Best part of your trail mix? Is it the nuts, seeds, shredded coconut (unsweetened, please!) or those plump juicy raisins?
We know the unsalted nuts, seeds and coconut are great for our health, but those delicious bites of chewy goodness – raisins – pack quite a nutritional punch as well. So don’t be shy about your love for raisins. They’re not just for kids’ snacks and lunch boxes.
Are raisins good for you? You bet. They come from grapes, so they boast those same protective antioxidants. Raisins are dried white grapes, dried to produce a dark, sweet fruit, used in baked goods and sweet and savory dishes around the world. Raisins health benefits are many and we’ll get to those in a moment.
Which type is your favorite raisin? In the United States, the sultanas or golden raisins tend to be more popular. They are seedless, light golden in color, and plumper, sweeter and juicier than other raisins – and dried differently in production. Thompson raisins are the darker, larger raisons that are less sweet but still tasty.
Currants, along the same lines, come from red, seedless grapes. They are dried to produce a black, tiny, high-flavored little bundle, originally cultivated in the south of Greece. The name currant comes from the ancient city of Corinth.
When it comes to raisin benefits, just take a look at raisins nutrition: By weight, raisins consist of about 67 to 72 percent fructose and glucose (sugars), 3.5 percent dietary fiber, and 3 percent protein. The natural sugar, fiber and protein combination make them a potent energizing snack –and perfect to mix in to naturally sweeten your trail mix.
Although high in certain antioxidants as we’ve mentioned, raisins have less vitamin C than fresh grapes. They contain no cholesterol and are low in sodium. Other pluses: Raisins contain micronutrients, such as potassium and iron, and they do not have any added sugar, artificial flavor or colors.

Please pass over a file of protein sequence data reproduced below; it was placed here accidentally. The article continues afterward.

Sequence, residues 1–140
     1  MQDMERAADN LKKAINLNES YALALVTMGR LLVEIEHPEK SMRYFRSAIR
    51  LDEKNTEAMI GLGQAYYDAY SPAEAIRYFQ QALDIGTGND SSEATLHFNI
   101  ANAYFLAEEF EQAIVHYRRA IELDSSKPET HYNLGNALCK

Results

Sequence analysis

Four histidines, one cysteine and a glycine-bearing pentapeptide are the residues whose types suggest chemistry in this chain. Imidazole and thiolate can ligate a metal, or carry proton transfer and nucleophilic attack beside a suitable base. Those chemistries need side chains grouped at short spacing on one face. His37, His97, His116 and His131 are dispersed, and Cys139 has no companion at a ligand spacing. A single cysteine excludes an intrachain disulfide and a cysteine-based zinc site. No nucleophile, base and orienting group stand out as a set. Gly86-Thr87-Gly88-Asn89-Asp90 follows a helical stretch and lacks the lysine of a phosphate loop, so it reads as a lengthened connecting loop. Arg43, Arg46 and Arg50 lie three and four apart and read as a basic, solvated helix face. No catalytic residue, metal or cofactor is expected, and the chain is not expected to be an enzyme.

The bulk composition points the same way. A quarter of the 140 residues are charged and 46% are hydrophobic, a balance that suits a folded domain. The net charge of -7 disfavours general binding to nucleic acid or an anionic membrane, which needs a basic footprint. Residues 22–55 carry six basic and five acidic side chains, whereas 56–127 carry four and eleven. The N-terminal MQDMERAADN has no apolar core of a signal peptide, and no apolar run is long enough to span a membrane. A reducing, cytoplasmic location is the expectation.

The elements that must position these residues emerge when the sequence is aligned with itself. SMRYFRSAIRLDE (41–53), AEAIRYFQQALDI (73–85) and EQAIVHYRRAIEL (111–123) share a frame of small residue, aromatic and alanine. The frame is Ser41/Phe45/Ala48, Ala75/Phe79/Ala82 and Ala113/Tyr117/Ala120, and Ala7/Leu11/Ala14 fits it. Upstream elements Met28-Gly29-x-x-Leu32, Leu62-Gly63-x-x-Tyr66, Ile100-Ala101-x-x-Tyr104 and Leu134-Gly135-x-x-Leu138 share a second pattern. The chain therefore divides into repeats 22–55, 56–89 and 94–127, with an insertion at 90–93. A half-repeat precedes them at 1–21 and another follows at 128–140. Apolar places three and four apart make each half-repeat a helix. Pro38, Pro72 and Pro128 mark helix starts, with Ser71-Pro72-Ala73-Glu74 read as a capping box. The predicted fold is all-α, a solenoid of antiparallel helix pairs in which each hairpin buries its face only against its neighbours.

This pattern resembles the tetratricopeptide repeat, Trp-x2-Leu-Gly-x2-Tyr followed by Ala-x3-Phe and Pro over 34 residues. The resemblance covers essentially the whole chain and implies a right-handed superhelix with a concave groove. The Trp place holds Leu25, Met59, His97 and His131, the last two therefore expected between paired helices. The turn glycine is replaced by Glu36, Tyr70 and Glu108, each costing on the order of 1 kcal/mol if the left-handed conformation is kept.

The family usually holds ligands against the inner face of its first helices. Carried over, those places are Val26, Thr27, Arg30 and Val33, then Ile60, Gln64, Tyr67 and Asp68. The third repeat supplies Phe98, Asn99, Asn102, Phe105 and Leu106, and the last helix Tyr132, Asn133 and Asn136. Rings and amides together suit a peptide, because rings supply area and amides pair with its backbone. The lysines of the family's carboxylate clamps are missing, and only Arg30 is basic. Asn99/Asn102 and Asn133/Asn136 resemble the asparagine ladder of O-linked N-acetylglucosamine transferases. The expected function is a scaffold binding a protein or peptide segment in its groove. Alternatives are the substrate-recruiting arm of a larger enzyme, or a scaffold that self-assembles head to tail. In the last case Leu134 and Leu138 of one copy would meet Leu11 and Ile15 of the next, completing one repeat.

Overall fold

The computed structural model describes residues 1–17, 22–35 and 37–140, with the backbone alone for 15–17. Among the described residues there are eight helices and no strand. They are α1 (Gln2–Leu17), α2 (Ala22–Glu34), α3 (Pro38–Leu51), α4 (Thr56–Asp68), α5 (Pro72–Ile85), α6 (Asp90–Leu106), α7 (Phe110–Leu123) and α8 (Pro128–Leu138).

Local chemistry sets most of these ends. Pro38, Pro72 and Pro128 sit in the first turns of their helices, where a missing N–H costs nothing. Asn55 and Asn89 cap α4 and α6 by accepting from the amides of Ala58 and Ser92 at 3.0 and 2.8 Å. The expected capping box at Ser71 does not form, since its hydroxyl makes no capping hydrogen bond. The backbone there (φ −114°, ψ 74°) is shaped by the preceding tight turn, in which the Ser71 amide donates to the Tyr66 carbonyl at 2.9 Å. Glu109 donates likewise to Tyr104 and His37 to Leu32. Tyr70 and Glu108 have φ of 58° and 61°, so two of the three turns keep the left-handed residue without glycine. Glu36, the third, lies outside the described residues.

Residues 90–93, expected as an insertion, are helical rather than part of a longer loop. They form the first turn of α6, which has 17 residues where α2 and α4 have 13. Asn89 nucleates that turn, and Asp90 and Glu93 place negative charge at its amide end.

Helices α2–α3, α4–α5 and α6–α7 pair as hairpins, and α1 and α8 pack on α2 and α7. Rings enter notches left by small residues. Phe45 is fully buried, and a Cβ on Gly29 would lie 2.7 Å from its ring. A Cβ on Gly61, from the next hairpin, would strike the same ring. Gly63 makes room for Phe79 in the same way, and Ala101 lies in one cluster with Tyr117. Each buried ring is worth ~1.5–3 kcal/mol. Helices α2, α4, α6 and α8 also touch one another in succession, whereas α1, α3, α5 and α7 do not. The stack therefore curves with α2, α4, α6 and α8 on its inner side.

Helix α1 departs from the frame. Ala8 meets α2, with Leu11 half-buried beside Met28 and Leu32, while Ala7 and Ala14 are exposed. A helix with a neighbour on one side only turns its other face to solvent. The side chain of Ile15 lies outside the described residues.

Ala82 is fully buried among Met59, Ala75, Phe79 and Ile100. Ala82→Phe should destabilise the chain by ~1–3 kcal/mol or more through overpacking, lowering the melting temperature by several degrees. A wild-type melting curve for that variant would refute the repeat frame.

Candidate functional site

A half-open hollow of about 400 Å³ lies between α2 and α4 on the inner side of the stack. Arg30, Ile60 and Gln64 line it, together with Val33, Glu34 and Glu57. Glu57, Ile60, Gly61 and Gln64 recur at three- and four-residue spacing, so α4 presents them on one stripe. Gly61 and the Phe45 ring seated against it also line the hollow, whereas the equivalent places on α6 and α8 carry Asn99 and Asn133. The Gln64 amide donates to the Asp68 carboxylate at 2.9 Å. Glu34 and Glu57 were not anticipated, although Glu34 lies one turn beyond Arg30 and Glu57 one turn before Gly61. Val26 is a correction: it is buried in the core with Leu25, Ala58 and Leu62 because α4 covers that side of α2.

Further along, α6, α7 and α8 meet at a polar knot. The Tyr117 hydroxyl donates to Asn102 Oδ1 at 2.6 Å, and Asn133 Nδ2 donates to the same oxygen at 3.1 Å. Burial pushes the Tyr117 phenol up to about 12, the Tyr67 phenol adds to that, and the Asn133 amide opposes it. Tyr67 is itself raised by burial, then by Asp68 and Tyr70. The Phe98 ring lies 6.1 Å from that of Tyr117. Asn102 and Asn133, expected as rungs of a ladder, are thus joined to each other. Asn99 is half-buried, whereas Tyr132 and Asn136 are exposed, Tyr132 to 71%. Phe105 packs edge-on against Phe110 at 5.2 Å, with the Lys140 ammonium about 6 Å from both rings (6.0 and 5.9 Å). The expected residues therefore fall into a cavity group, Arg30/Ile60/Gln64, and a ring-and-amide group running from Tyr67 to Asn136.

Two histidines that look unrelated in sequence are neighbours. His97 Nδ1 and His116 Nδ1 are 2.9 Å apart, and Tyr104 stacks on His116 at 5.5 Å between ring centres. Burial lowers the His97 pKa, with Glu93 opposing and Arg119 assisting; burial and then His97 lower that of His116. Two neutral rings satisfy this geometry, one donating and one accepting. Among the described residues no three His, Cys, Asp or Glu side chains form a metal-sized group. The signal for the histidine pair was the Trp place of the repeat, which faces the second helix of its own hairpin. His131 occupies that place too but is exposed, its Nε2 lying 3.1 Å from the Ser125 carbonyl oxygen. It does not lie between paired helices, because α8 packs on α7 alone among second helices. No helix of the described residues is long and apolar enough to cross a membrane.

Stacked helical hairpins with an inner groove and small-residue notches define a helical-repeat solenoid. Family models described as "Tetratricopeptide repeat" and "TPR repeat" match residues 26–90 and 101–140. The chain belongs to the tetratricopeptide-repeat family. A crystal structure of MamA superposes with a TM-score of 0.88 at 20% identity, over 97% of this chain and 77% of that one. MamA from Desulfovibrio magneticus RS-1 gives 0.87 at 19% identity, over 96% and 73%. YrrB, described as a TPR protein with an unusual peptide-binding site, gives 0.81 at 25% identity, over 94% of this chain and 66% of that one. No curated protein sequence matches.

1. Bone health. Your bones need calcium from easily-absorbed plant sources like raisins. Another bonus, raisins have potassium, another essential nutrient that can help promote bone growth, reducing the chances of osteoporosis, the common disease where bone loss and thinning puts you at risk of fractures and can reduce mobility.
2. Vision protection. Raisins contain polyphenolic phytonutrients with excellent antioxidant properties. That’s good news for your vision, helping to protect eyes from the damage caused by free radicals leading to macular degeneration, age-related loss of vision and cataracts.
3. Blood sugar control. Eating a few raisins three times a day may reduce post-meal sugar levels significantly, studies show. But don’t raisins have sugar? They do, but raisins have a relatively low glycemic index, and they contain fiber and antioxidants – all factors that contribute to blood sugar control. Maintaining healthy blood sugar levels is important because it can prevent long-term damage to the heart and circulatory system. So raisins health benefits definitely extend to diabetics and people who are at risk for diabetes.
4. Constipation relief. Like any dried fruit, the fiber content in raisins is concentrated. So when you eat them, raisins swell because of the body’s natural fluids – a good thing! This insoluble fiber adds bulk to the food moving through the intestinal tract for constipation relief. Raisins can also help stop loose stools in this way by absorbing the liquid of loose stools and reducing the frequency and discomfort of diarrhea.
6. Help for Anemia. Boost your iron – important for anemia – with raisins. They also have essential B vitamins and copper which helps the formation of red blood cells.
7. Increase your libido. Chocolate-dipped strawberries are a treat, but the humble raisin can stimulate the libido and induce arousal, thanks to an amino acid called arginine, reported as beneficial in treating erectile dysfunctions. Also, you’ll get that energy boost for endurance.
Why not make some raisins yourself? Here’s how:
In the oven. Blanch a bunch of grapes in boiling water for 30 seconds and then transfer to a bowl of ice water. Remove stems and pat dry with a towel. Now spread on baking sheets in a single layer. Put them in a warm oven and let dry for about 24 hours, turning after 12 to prevent sticking. When they turn dark and wrinkled, remove from oven and cool, then store in airtight container. Now there’s a sweet and healthy treat!
In the dehyradator. Wash grapes and then remove the stems. Let air-dry for about an hour and then put them in the trays of your food dehydrator. Close and turn on the motor to highest setting for the first 12 hours. Then when the grapes look drier and darker, turn the heat down to medium-high. It usually takes two to three days to dry the raisins.
When it’s time for one of our favorite raisin recipes, try this super-quick and easy trail mix: Raisins, almonds, sunflower seeds, dark chocolate chips, a bit of cinnamon and a pinch of sea salt. Now dig in when you need a boost!